0

....Or can the standard, static ERC20 ABI be used for any ERC20 token equally?

Namely, in a custom ERC20 token (smart contract) there can exist any function(s) the author of a token may have implemented. And in order to interract with those functions, one is required to use the special ABI that describes them, right?

At the same time, a few times I've read that the standard ABI of ERC20 is enough to interract with ANY ERC20 token even if a token may follow the ERC20 standard precisely.

How can this enough? How would one call a function myCustomFunc(....) a ERC20 token may contain and using only the standard ERC20 ABI? Because following the ERC20 standard doesn't mean that a token may not contain any additional, non-standard, custom functions.

1 Answer 1

1

Whoever said the standard ABI for ERC20 is enough to interact with any ERC20 must have meant generally. And you are right to say that if you use a standard ERC20 ABI you won't be able to call myCustomFunction(). I mean technically you can, and you don't even need an ABI to interact with a contract if you know its functions signatures (the 4 bytes signature).

In an ABI you have the definitions of some functions you can use along with the types of parameters they expect. In a Standard ERC20 ABI, I'd expect to find transfer, approve, balanceOf and such.

If you know what parameters myCustomFunction takes, it's pretty trivial to add it. Look for any function definition inside your ABI (it's just JSON, it doesn't bite) and copy the format

Wait, what's a 4-byte signature?

Transactions on the Ethereum blockchain are all the same thing: they have a caller (address), a callee (address), some data (bytes) and some value (uint256). In that sense, look at all transactions wether it is calling a function on a smart contract, sending ETH to a friend, sending a string message, or sending nothing as relatively the same thing.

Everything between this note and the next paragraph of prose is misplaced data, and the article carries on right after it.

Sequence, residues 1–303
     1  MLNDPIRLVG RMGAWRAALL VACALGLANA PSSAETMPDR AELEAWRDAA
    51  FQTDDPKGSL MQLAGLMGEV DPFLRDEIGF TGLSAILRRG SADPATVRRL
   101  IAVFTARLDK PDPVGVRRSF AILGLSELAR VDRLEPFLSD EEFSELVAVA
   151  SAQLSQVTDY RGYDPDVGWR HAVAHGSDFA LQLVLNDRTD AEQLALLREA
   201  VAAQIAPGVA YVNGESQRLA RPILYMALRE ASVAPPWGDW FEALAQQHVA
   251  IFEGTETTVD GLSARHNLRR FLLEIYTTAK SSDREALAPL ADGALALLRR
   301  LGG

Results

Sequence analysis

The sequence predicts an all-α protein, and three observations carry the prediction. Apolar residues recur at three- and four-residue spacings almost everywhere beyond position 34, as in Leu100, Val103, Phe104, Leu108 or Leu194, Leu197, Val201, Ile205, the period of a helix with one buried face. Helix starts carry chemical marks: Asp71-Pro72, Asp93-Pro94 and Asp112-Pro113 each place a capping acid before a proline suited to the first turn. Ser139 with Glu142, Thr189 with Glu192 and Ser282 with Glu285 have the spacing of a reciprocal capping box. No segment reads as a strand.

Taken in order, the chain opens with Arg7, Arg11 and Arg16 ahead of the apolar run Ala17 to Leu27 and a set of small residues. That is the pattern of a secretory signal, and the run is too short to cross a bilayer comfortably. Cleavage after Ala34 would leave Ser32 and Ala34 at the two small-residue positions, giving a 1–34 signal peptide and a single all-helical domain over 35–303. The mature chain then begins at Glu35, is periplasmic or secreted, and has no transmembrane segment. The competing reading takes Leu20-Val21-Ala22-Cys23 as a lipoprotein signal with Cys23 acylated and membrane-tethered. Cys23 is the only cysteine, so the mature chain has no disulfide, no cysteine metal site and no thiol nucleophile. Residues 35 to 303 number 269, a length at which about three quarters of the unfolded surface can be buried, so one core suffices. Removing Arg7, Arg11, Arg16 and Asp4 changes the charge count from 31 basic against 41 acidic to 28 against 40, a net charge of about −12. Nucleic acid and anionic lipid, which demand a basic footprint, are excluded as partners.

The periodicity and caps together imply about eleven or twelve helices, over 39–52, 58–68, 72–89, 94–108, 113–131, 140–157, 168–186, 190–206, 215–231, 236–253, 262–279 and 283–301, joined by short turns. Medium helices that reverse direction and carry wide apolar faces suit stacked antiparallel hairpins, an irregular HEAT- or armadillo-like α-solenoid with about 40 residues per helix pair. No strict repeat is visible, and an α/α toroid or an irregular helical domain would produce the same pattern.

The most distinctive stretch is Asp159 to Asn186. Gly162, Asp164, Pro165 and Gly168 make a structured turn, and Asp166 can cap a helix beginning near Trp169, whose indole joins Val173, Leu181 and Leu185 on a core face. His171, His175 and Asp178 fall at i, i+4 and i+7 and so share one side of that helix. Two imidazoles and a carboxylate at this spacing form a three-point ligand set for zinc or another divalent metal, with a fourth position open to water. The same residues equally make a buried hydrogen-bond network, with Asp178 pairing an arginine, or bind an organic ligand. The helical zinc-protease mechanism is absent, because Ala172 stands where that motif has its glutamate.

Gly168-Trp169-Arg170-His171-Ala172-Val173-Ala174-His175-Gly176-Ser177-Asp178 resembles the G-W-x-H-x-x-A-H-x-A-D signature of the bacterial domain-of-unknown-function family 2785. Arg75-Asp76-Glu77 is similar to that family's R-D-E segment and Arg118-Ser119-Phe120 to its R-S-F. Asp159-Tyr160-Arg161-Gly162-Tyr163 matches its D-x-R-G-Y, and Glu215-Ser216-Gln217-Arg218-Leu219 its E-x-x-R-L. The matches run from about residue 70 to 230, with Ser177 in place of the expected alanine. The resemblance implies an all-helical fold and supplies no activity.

What diferenciates contract functions call is that when you call a smart contract, it can read the data you send and it can do stuff with it like computing, storing, calling other addresses with value and data or reverting the transaction.

For any transaction that calls a function on a smart contract, by convention, the first 4 bytes of the call data contain what's called a selector or a function signature. The 4 bytes are obtained by hashing the function signature and truncating. for example for the function:

function transfer(address to, amount uint256) external {
  // ...
}

You would hash the string transfer(address,amount) with keccak256 and you would get a9059cbb2ab09eb219583f4a59a5d0623ade346d962bcd4e46b11da047c9049b

The first 4 bytes are

  • a9
  • 05
  • 9c
  • bb

therefore the selector 0xa9059cbb corresponds to the transfer function. If you look at any call of transfer(address,uint256) in Etherscan and look at the raw calldata you'll see it starts with that selector.

if you use a library like ethers in JS to interact with contracts, what it does with the ABI is compute the selector from the function name and argument types and it builds the calldata from that.

2
  • I mean technically you can, and you don't even need an ABI to interact with a contract if you know its functions signatures (the 4 bytes signature). --> what do you mean? How? What's "4 bytes signature"?
    – Kyell
    May 13, 2023 at 19:53
  • I was hoping you'd ask I'll edit my answer ;)
    – Mouradif
    May 13, 2023 at 19:55

Your Answer

By clicking “Post Your Answer”, you agree to our terms of service and acknowledge you have read our privacy policy.

Not the answer you're looking for? Browse other questions tagged or ask your own question.